Climate change is one of the greatest challenges we currently face. As the situation escalates, nations and corporations are increasingly being held accountable for their actions (or lack thereof) to mitigate the fallout. Indeed, between 2017 and 2020, the volume of climate-related litigation cases filed globally sharply increased, with more than 1,800 court cases filed against entities across 40 countries as of May 2017.
Executive SummaryWith the effects of climate change becoming more palpable, a rise in climate litigation cases could have significant financial and reputational repercussions for corporates. Thomas Englerth, associate director at S&P Global Ratings, explores how the potential risks associated with this emerging issue can be identified and managed.
Climate litigation will continue to pose a risk to businesses and countries that are not deemed to be acting well—or quickly—enough.
A report by the Network of Central Banks and Supervisors for Greening the Financial System (NGFS) also found 2021 to be “an exceptional year” for climate-related litigation and noted that supervisory authorities may not have, so far, fully recognized the impacts of such cases.
While, to date, none of the cases have had a material impact on an issuers’ creditworthiness, investors likely will be concerned with the rising number of cases—and how it could affect the value-at-risk in their portfolios. In order to reduce the likelihood of legal challenges, there are several key areas in which corporates can attempt to at least partially mitigate their exposure.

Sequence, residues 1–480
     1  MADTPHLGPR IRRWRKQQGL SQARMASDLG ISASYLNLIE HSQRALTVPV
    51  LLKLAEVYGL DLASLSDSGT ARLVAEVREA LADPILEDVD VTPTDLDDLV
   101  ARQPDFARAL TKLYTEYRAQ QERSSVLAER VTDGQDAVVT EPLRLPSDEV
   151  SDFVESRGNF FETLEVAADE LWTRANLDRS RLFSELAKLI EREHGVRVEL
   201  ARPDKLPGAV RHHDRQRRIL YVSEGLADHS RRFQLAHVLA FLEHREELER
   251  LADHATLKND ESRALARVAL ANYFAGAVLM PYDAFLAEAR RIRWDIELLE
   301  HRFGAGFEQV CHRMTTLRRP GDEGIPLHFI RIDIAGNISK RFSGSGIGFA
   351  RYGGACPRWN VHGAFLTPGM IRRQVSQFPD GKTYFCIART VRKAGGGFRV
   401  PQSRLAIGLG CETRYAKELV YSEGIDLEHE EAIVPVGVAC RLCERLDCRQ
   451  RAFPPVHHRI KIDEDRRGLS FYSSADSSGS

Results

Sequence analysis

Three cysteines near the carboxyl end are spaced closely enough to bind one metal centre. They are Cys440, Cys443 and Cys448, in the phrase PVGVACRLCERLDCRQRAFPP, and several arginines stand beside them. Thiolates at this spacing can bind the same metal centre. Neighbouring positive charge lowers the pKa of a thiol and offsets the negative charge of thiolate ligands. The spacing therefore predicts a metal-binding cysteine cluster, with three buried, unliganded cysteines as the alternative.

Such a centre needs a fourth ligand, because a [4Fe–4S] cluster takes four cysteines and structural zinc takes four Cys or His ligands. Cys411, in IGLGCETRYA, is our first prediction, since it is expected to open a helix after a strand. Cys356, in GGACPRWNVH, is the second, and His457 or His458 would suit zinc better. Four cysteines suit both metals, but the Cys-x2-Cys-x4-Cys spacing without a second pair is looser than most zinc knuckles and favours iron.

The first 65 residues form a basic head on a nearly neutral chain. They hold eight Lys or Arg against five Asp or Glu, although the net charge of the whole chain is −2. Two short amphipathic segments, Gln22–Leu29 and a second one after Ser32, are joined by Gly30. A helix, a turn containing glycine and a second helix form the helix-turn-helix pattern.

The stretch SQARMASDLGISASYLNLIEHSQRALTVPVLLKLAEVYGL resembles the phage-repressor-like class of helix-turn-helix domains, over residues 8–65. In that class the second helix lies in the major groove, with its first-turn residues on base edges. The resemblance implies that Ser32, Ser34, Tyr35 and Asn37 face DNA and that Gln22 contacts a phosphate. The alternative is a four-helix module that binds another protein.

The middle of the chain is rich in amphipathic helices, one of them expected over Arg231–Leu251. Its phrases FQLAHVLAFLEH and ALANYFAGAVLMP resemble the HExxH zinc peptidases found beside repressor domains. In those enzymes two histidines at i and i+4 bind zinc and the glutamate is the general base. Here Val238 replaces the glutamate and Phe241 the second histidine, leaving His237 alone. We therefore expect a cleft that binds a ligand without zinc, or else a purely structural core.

Attribution Science Advancing
A recurring issue that unites many climate litigation cases is the element of causation. In a courtroom scenario, this refers to plaintiffs’ ability to prove a defendant committed harmful environmental actions that directly contributed to climate change, which in turn caused the damage they suffered or will likely suffer.
To help substantiate these claims, climate change attribution science—which aims to link shares of emissions and the associated harmful climate effects to responsible parties with research and modeling—is playing an increasingly important role. Legal scholarship, such as a note in the Columbia Journal of Environmental Law in 2020, suggests that the current state of climate change attribution science is likely sufficient for establishing causal connections for some types of legal adjudications. However, attributing past or future impacts from climate change to specific defendants, particularly in a courtroom setting, remains a complex task.